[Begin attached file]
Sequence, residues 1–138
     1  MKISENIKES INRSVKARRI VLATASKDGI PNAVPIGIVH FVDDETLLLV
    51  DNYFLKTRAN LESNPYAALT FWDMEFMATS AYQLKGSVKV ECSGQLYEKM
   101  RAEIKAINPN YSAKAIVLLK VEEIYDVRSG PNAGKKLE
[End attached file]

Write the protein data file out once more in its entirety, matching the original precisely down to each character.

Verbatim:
Sequence, residues 1–138
     1  MKISENIKES INRSVKARRI VLATASKDGI PNAVPIGIVH FVDDETLLLV
    51  DNYFLKTRAN LESNPYAALT FWDMEFMATS AYQLKGSVKV ECSGQLYEKM
   101  RAEIKAINPN YSAKAIVLLK VEEIYDVRSG PNAGKKLE